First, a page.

Healthcare sector urged to shift to a patient-centric model

June 21, 2024 - 15:52
Successfully implementing this model can help reduce costs for patients.
Dr. Dilshaad Ali Bin Abas Ali, Group CEO of Hoàn Mỹ Medical Group delivering his speech at the event. — Photo courtesy of Hoàn Mỹ

HCM CITY — The healthcare sector needs to shift from a hospital-centric model to a patient-centric one to meet the needs of patients, especially in light of an aging and growing population, said Dr. Dilshaad Ali Bin Abas Ali, Group CEO of Hoàn Mỹ Medical Group.

During a roundtable on healthcare transformation in HCM City this week, he said that with this new model of care, the healthcare sector would focus not only on patients' experiences in hospitals, but also on establishing a system capable of providing healthcare services directly at home through digital applications.

"Successfully implementing this model can help reduce costs for patients," he said.

"For the patient-centric model, system design plays a crucial role, as it determines the success or failure of efforts to enhance patient experience.

"The operation of the home and hospital care model requires intelligent digital integration, involving logistics, and understanding and effectively utilising data. Moreover, service quality must be measured and resulting actions clearly defined," he said.

Attendants at the event agreed that Việt Nam's health sector is facing an increasingly high need for treatment and care due to population growth, aging demographics and improved living standards.

Dương Huy Lương, Deputy Director of the Department of Medical Service Administration, under the Ministry of Health, said Việt Nam has encountered challenges from the dual disease burden (infectious and non-communicable diseases), increasing the risk of mortality and imposing a burden on society.

“This underscores the need to swiftly transform and continuously enhance the quality and efficiency of the healthcare system from central to local levels to adapt to changing disease patterns,” he said.

According to Lương, Vietnamese people spend around US$2 billion every year on medical treatment abroad, a figure that could rise to $3-4 billion in the coming years.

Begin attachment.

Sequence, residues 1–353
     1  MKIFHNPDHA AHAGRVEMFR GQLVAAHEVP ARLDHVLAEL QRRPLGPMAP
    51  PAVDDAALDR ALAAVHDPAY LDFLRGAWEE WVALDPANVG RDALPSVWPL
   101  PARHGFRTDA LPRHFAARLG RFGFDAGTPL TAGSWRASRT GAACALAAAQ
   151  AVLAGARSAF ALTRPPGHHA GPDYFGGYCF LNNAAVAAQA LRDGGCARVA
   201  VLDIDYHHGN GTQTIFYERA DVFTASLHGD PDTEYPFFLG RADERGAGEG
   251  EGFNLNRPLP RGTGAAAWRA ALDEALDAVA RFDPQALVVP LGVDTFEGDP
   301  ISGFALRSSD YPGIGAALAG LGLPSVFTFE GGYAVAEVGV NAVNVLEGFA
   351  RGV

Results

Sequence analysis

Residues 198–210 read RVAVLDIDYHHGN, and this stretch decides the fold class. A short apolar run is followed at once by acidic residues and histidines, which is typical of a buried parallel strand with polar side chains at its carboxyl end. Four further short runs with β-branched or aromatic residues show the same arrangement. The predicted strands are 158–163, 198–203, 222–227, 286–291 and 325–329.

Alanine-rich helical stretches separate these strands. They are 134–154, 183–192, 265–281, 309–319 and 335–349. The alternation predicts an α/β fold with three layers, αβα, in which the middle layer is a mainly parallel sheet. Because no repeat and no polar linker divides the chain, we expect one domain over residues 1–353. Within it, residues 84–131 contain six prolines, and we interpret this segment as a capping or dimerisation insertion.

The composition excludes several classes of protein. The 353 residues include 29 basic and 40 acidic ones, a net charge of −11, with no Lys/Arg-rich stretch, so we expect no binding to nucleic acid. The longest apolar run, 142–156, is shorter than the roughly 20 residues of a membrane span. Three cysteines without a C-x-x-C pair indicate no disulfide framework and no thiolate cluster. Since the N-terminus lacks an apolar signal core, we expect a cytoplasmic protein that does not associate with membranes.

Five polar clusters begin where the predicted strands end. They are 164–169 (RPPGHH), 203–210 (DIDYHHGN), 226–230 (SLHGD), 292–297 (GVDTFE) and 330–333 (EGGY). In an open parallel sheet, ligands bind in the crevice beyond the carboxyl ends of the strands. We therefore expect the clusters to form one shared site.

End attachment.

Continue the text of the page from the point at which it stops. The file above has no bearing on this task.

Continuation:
Dương Huy Lương, Deputy Director of the Department of Medical Service Administration under the Ministry of Health speaking at the event. — Photo courtesy of Hoàn Mỹ

He added that if Việt Nam is to become a regional healthcare hub, there needs to be comprehensive solutions on such things as training high-quality healthcare professionals, investing in robust infrastructure, developing specialised medical services, advancing digital transformations and simplifying administrative procedures.

Increasing access to quality healthcare services

Participants at the event also discussed the accessibility of healthcare services with an equitable delivery model.

Alongside the rapid growth of the middle class, with a higher disposable income for healthcare, a large segment of Vietnamese people still seek better-quality private healthcare services at affordable costs.

The healthcare sector's transformation needs to meet the demands of both high-income individuals, potentially redirecting the $2 billion spent abroad every year for medical treatment back to Việt Nam and the general public, particularly those on below-average incomes.

"The Hoàn Mỹ ecosystem is focusing on building and developing healthcare facilities that cater to people’s diverse needs and financial capabilities,” the group's CEO Dilshaad Ali Bin Abas Ali said.

“Hoàn Mỹ is expanding access to healthcare through the Thuận Mỹ network of hospitals and clinics, offering quality medical services at affordable costs.

"Our vision is that, by 2030, we will have transitioned from leading the medical sector to shaping healthcare culture, to advance the health and well-being of all Vietnamese people.”

In her speech at the event, Louise Cuskelly, Executive Director at the ACHS International & Consulting, shared insights on high-quality care elements, challenges and practical experiences to help Vietnamese healthcare facilities raise care standards to international levels.

Additionally, with digitalisation, processes that optimise data flow between medical devices and computer models are essential, she said.

Meanwhile, James Anibal, a Researcher at Oxford University said despite challenges, digital healthcare models have demonstrated potential advantages in optimising costs, time and patient accessibility.

He added that in the future, artificial intelligence (AI) applications may help doctors worldwide reduce errors in diagnosis and treatment processes, ultimately improving the quality of care.

Việt Nam’s healthcare sector aims to position the country as a destination for health and wellness tourism within the next 20 years, contributing to the country’s economic growth, while building a 'healthcare industry' for the future. — VNS